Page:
If you’re here reading this, you undoubtedly are familiar with the world wide web and all the amazing things it can do. There are sites that let you do all kinds of things, from sharing photos to opinions to videos to everything else, or carrying out functions like online banking or shopping. You know how convenient and amazing the internet can be, and you’ve probably had some good ideas for things to “put on the internet” but don’t even know where to get started. Be confused no more! Here’s what you need to know to get on the path of writing and installing your own interactive websites to do whatever you want.
For our purposes, we’re going to focus on PHP. There are a lot of languages out there that interactive web sites are written in, but if you’re new PHP is the best place to start. It’s the most popular language for programming web pages right now. Its main advantages are that it’s easy and inexpensive to get a server that can run PHP applications, and that with its popularity it has the most resources for getting help, support, and existing code to help you do what you want to do. There are other great languages out there, but they have disadvantages for newcomers. For example, ASP.NET is supported by Microsoft and allows for some very detailed applications, but just to write or even use other people’s code you’ll need to buy Microsoft software and use the Windows operating system, which can cost hundreds of dollars out of pocket and since the servers need to buy licenses as well, you will pay more for web hosting. There are free web scripting languages that are wonderful, such as Django or Ruby on Rails, however it is harder to find a web host that supports them and they don’t enjoy the same popularity and wealth of support available as PHP.
You may think that in order to learn PHP you need to buy a big, fat technical book and read a lot of confusing words before you can get started. You can do that if you want, but when I learned PHP for myself, I did it in a much more fun way and learned quicker, to boot. I found pre-made PHP applications that did most of what I want, but that are missing some features that I want to include. Start with a pre-made package that is close to what you want to do, maybe forums or blog software, and install it yourself on your web hosting. Don’t use an automatic installer, though! Upload the files yourself, and learn how to set up the application to use a database. It will be a bit confusing at first, but once you understand how to do this it gets much easier before it gets harder again. Most packages have detailed and helpful explanations on how to do this, so use them to help you understand.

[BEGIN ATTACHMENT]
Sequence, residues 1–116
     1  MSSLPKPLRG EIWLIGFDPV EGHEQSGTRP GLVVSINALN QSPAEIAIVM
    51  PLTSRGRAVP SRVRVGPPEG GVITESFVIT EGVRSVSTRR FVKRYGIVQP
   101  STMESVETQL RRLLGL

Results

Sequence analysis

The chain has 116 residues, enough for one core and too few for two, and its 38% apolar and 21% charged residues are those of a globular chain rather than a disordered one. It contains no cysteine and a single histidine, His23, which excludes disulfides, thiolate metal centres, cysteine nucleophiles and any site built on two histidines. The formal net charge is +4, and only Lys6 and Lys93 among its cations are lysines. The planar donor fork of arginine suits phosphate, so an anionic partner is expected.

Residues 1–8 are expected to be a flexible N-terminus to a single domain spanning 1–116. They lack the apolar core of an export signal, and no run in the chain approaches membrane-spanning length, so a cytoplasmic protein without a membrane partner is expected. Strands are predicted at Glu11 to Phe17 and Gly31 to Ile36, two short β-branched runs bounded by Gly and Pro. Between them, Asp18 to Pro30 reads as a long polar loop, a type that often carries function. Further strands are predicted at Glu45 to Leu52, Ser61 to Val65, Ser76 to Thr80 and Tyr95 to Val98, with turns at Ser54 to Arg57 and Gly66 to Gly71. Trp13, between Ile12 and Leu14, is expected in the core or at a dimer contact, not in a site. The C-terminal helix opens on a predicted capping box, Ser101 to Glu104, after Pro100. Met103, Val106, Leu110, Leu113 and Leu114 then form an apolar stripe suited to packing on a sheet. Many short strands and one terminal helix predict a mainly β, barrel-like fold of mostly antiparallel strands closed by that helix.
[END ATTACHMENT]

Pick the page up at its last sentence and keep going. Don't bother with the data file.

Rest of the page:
From there, I learned how to make modifications that do what I wanted. Many PHP applications have mod scripts or plugins to help you make customizations other users have made, and I started learning how PHP worked by installing these and eventually writing simple ones of my own. While not convenient, mod systems that require you to change PHP code line by line will give you a peek into what PHP code is like, and you’ll quickly learn how to fix mistakes you’ve made which will give you hints on what PHP expects and what its programming rules are. Once you start seeing patterns, try to figure out what interesting parts of PHP scripts do by looking up functions on the official PHP web site or documentation for your package. Try to write your own mods and plugins, keeping it very simple at first, patterned after other ones you’ve seen. It’s easier to learn PHP by not having to worry about making an entire web site, and just focusing on specific functions. Eventually, if you pay attention and keep at it, you will feel confident enough to try more complicated plugins and mods and maybe even your own application.
In the meantime, you may want to enlist some help. MySQL databases, for example, are the lifeblood of PHP web applications, but are hard to learn at first. You might want to consider software like PHP Page Generator which makes databases much easier to work with. Even simple so-called “CRUD” database operations, which stand for Create, Read, Update, and Delete, are exhausting and repetitive to program, but are at the heart of any good PHP application. Helper software like that can save you hours of time and effort on “reinventing the wheel”.
Good luck in your endeavors, and whether you end up just dabbling in or become a pro at PHP, you’ll find that being able to set up or even write your own web applications will be a very handy tool!